As Steve Yelvington explained so well in this presentation last year at the University of Minnesota Economic Models for News, journalism has never had a business model of its own. My thinking is that it is about time it does, as I explained at Community Media Workshop panel last month. That’s why I am continuing to follow and braid the threads leading to a social enterprise news stream.

It can’t be long now before this all comes together, and when it does it will be in several robust forms that will provide access to volumes of information we’ve not had access to before. And it will be up to a diversity of journalists to do the job of helping to create, vet, sort and distribute these streams.

Hold on for a wild ride.

Follow Sally Duros on Twitter: www.twitter.com/saduros

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Sally Duros on Chicago Tonight, future of news and what’s happened since

After I wrote a series of articles for the Huffington Post on the promise of a mission-based news room L3C and the struggles of Chicago’s nascent news blogosphere I was invited to serve on a committee hosted by the Chicago Community Trust. With our input, the Chicago Community Trust in conjunction with the Knight Foundation and the MacArthur Foundation decided to develop a seed fund to fortify the city’s emerging news streams.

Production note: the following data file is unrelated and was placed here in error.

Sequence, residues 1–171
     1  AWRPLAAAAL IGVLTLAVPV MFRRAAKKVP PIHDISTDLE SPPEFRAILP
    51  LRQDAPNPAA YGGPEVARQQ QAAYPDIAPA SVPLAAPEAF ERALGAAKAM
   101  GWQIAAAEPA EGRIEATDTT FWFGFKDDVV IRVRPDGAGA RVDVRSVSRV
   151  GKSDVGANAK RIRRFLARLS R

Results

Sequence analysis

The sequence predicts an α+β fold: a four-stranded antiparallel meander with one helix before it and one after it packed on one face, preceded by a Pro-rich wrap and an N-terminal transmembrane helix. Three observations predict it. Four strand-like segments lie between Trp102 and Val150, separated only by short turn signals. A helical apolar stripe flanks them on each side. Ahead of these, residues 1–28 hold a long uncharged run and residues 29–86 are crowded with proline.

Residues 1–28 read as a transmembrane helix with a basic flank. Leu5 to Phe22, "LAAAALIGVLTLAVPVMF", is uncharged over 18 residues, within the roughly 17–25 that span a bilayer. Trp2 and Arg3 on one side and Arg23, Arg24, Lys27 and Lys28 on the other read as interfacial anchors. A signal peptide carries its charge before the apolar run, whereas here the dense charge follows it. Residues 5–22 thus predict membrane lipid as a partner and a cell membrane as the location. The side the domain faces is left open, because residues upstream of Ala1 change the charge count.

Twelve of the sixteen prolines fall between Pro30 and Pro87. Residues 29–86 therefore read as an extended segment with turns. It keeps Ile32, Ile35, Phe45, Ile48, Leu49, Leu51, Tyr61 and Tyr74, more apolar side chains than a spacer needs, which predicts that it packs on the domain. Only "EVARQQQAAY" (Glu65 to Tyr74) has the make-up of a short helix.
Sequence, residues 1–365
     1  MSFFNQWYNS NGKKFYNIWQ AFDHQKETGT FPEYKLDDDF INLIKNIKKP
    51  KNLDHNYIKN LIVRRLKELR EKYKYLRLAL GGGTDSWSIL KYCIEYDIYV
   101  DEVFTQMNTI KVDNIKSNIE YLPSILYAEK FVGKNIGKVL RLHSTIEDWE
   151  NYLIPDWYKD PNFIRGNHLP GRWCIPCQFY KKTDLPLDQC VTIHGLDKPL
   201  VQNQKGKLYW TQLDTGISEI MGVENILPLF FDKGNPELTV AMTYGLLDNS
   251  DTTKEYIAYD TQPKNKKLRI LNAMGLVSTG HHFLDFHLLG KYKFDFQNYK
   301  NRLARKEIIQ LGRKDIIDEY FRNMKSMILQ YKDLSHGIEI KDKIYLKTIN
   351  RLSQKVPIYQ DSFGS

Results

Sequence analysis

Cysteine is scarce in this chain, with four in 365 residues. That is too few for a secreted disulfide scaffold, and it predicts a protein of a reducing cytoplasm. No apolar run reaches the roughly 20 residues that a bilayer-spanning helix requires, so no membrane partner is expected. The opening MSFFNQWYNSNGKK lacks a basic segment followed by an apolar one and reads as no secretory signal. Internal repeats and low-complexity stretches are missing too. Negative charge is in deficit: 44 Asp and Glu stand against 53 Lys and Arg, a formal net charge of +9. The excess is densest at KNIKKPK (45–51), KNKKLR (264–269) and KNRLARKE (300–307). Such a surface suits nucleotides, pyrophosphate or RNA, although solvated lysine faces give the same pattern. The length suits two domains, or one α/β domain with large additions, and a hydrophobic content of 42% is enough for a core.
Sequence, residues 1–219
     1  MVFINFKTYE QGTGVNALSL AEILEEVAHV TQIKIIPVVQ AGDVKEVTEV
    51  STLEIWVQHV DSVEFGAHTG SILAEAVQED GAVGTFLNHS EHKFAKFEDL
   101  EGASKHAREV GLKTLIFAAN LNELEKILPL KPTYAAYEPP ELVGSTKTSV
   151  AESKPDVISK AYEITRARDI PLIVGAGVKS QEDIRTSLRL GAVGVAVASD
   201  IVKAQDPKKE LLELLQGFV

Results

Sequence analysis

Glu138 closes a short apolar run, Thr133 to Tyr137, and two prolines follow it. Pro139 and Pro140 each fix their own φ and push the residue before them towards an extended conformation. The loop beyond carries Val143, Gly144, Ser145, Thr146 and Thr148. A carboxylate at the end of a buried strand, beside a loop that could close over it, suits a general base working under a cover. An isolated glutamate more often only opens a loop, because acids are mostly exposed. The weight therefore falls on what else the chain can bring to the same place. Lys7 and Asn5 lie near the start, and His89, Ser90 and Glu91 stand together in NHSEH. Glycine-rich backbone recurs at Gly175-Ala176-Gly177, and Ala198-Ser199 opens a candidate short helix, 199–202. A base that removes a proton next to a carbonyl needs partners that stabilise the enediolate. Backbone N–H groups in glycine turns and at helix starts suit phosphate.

I was fortunate to land some consulting clients later in 2009 that lined up my work life squarely with my passion. That passion, to bring journalistic writing standards to the web and to bring the Web’s innovations to newsrooms – has absorbed my life for the past 20 years. I’ll be writing about that in columns to come.

One of my new clients was Andy Shaw, former Channel 7 news reporter and new Executive Director for Chicago’s Better Government Association. Together we developed a strategy and series of proposals for the BGA’s online presence. The other client is LISC-Chicago, whose anti-poverty and community development work is stretching the boundaries of community based multimedia. LISC-Chicago is also working in partnership with other news rooms like that of the Chicago Reporter and Catalyst to build a hyperlocal news bureau.

It was a year ago [March 31, 2009] that the Chicago Sun-Times declared bankruptcy and I was on a Chicago Tonight segment discussing the future of news in Chicago, the L3C mission-based newsroom and the state of the Sun-Times newsroom. Much has happened since then. The Sun-Times was bought by James Tyree and a group of investors. The Chicago Tribune unveiled its Chicago Now blog group. The Chicago News Cooperative, a “possible” news co-op and “maybe” L3C was unveiled. And Geoff Dougherty’s flagship NPO newsroom, The Chi-Town Daily News, closed its doors.

I have traveled extensively researching new media trends and surfacing ideas. I am still at it. There is more to come. And I am excited to share.